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The best way to describe how the Reed family feels about Jane is explicitly shown by John Reed's own words from chapter one. He says the following:
"You have no business to take our books; you are a dependent, mamma says; you have no money; your father left you none; you ought to beg, an d not to live here with gentlemen's children like us, and eat the same meals we do, and wear clothes at our mamma's expense. Now I'll teach you to rummage my book-shelves: for they are mine; all this house belongs to me, or will do in a few years. Go and stand by the door, out of the way of the mirror and the windows" (8).
Many different issues are presented in this one rant by Jane's older cousin. Not only does he remind her that she's a penniless orphan, but he provides details about how much of a burden she is on the family's finances. Plus, she's not even worthy of the family's expense, therefore, she should be a beggar and a social outcast, which foreshadows what she faces throughout the novel anyway. Finally, he implicitly tells her she is ugly by ordering her to stay away from any glass that might reflect her image. Prejudice, injustice, and social discrimination all culminate into one abusive attack after another and this is just one example. We learn that Jane is an orphan with no real family or love in her life.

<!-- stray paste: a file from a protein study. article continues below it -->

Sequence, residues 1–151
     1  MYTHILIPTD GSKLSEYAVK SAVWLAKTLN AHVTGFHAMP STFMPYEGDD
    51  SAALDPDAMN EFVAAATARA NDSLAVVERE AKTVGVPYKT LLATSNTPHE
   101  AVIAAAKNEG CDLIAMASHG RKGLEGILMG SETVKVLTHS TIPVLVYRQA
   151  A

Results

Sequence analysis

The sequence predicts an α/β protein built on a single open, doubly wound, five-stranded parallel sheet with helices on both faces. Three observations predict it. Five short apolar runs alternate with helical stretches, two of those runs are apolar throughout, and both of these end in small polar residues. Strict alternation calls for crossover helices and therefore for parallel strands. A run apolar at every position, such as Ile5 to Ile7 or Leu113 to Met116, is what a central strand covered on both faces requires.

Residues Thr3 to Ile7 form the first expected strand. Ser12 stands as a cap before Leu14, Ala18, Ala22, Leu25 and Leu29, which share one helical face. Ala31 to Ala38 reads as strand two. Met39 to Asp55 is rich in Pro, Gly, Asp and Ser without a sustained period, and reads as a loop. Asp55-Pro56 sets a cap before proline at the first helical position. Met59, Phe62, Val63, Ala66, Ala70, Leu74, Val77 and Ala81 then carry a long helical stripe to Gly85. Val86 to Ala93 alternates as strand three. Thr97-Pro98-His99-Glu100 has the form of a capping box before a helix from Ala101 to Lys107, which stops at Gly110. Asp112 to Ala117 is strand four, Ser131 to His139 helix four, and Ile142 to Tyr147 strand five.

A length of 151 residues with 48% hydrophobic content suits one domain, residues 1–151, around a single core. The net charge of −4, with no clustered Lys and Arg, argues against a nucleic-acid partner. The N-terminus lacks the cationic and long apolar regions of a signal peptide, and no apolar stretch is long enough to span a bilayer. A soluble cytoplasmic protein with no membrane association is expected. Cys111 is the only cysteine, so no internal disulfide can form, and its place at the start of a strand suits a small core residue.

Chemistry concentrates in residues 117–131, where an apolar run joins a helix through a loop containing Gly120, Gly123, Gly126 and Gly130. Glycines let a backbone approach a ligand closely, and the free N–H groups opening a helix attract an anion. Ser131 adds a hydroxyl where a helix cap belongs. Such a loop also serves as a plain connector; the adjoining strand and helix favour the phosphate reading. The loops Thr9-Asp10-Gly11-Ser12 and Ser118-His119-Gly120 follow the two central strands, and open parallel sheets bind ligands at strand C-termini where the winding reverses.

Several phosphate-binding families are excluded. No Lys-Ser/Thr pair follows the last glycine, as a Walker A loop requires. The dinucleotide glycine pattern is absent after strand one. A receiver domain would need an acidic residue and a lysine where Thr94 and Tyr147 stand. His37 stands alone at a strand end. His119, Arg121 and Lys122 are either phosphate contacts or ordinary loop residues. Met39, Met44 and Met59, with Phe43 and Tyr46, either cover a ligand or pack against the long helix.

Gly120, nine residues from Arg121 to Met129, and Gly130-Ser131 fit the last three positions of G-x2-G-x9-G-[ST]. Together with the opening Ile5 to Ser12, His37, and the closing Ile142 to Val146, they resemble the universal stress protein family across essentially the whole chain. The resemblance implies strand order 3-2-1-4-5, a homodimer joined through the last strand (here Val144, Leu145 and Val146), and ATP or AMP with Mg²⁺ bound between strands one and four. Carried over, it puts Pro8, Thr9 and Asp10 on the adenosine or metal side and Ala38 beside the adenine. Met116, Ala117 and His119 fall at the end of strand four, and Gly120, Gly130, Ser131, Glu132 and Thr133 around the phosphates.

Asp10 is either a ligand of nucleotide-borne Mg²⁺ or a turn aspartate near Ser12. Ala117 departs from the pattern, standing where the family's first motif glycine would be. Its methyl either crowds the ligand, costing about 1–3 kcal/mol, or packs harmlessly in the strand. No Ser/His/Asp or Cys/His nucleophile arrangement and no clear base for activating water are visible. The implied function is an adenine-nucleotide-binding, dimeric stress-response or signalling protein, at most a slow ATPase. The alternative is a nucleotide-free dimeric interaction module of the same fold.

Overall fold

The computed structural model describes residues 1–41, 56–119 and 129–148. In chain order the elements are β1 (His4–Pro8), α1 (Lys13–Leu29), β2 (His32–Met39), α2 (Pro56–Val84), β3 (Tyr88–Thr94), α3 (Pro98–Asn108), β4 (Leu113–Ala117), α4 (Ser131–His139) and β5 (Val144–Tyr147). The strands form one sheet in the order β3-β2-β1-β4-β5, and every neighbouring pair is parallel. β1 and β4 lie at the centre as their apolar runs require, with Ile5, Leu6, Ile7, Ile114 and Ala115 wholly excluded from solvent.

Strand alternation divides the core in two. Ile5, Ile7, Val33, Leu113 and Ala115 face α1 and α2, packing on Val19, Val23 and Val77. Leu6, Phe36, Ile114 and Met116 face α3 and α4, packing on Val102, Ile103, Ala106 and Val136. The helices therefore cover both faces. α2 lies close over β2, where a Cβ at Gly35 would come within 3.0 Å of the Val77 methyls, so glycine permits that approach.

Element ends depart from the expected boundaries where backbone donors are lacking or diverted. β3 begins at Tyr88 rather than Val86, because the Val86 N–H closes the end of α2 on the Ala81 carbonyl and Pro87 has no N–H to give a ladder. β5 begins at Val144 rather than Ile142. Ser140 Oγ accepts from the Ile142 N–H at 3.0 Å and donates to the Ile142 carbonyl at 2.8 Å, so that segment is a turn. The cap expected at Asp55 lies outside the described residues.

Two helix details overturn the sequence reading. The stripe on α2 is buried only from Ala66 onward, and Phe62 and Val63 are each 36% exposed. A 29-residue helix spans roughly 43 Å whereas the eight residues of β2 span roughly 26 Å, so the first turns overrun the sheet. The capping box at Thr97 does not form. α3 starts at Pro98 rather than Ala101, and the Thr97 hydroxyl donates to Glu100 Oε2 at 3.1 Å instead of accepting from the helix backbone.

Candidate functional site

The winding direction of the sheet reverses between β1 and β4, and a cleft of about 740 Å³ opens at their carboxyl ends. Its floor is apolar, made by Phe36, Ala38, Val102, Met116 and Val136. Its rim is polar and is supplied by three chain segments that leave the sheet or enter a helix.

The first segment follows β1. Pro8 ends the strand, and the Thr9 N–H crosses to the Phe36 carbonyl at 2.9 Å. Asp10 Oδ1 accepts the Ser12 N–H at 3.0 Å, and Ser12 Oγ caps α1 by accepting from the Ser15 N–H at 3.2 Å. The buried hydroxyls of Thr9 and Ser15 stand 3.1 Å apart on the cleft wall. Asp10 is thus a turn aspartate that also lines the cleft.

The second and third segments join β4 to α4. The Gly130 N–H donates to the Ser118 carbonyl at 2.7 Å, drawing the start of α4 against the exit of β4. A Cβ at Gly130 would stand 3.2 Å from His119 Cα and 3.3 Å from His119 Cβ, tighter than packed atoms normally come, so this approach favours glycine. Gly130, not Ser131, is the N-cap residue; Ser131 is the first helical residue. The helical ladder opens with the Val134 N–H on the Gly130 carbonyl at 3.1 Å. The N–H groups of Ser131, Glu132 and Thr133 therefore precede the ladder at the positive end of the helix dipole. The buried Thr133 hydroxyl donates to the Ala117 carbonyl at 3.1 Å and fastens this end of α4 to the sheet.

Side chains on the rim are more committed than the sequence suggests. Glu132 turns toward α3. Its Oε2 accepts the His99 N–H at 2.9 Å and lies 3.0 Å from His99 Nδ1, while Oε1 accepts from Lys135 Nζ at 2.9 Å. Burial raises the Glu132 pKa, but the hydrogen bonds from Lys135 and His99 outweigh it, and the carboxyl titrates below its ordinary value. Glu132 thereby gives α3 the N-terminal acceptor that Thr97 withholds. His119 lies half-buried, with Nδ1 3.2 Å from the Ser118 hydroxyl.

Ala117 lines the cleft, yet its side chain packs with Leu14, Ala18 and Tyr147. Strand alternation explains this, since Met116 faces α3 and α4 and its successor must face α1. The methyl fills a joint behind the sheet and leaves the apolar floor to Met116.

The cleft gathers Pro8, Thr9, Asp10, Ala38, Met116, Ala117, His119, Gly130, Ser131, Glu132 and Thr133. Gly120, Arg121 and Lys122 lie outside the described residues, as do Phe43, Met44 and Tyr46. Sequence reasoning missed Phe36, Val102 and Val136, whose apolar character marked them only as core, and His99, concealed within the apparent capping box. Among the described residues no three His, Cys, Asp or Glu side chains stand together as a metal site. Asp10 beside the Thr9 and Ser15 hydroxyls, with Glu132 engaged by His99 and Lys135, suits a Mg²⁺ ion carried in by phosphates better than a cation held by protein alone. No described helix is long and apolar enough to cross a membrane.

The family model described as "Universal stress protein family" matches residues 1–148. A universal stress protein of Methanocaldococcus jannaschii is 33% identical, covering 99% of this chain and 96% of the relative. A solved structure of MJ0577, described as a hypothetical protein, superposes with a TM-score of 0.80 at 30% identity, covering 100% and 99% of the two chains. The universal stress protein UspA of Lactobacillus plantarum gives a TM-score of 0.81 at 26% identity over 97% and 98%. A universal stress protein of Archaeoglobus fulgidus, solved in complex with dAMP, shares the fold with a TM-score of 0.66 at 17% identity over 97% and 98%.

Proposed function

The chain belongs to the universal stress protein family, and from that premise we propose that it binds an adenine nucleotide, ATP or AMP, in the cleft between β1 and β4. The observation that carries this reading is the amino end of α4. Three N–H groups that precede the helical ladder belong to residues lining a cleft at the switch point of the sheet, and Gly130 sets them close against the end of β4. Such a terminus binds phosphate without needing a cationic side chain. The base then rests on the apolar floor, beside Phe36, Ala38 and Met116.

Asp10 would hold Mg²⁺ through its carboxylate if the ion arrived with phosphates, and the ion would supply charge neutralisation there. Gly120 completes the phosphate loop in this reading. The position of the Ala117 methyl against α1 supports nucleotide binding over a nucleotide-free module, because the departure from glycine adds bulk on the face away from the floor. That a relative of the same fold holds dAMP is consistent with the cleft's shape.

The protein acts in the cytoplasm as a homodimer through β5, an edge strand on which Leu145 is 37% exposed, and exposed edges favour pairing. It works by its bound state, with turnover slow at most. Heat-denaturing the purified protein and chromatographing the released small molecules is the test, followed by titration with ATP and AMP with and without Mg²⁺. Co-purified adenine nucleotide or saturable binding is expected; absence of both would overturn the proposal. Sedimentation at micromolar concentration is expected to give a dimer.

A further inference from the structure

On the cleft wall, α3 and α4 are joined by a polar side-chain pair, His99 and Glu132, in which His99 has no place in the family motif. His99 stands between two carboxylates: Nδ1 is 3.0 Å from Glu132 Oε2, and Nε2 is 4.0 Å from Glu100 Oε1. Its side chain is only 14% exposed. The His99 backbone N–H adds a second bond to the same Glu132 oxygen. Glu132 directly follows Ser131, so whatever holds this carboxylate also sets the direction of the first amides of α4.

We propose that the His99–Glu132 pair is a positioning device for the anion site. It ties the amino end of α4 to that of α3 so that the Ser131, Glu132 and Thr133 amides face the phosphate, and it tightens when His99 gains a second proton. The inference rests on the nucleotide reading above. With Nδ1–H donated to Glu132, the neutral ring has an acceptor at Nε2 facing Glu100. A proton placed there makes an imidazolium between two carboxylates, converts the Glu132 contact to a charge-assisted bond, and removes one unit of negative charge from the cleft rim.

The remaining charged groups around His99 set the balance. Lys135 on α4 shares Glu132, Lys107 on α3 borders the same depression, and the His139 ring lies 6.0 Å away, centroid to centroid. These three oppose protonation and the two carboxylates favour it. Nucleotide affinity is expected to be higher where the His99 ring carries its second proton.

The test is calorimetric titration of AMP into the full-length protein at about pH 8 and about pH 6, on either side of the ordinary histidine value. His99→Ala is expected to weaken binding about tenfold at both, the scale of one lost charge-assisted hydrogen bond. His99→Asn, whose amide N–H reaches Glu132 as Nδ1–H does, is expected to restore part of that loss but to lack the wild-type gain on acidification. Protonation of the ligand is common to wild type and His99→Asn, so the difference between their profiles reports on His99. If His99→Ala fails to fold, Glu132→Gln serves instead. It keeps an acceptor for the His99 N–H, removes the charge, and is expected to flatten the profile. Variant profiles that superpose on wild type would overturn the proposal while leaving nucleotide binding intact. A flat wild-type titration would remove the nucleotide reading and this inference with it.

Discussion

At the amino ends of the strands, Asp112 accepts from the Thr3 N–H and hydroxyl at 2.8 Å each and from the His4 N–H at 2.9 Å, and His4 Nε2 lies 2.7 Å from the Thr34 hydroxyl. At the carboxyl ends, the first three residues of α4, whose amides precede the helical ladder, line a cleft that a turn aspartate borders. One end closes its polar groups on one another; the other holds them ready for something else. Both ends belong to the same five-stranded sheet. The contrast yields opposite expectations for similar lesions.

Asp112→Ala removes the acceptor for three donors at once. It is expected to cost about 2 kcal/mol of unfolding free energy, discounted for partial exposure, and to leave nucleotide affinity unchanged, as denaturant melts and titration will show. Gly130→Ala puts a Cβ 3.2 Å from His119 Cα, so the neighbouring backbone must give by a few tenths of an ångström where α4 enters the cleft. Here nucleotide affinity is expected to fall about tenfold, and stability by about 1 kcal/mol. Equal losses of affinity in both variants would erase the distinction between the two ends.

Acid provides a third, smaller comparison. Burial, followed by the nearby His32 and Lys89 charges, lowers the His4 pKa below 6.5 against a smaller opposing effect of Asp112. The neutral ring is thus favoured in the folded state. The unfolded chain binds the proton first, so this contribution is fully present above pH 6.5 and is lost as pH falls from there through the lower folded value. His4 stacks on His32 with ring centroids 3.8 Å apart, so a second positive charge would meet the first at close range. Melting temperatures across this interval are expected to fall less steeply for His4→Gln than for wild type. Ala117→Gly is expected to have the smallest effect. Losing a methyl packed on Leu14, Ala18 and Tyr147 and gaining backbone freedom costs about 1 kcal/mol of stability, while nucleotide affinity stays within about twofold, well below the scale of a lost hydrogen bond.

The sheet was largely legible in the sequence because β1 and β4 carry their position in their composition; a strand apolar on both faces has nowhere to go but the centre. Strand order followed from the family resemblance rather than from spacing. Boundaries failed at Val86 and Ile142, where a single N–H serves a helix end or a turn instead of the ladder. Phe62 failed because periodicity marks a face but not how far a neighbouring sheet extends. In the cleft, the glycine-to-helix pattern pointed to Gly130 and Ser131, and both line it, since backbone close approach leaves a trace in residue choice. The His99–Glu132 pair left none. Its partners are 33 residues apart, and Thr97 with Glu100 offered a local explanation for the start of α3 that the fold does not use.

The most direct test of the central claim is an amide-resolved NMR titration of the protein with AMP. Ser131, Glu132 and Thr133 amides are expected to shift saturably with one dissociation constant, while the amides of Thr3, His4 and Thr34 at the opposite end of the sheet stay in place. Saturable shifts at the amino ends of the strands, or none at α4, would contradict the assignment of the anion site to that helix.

You see Jane get pushed around by her bully cousin, and you know that she isn't accepted as one of the family. You watch Jane's response to a great deal of emotional stimuli, and you notice how she isn't nearly as prone to excitement and babble as most children are. The story also states this as a bad thing, and Jane is disliked because of it. You know that Mr. Reed made his wife promise to look after Jane as one of her own when he died. You also see that his wife has failed to keep this promise.
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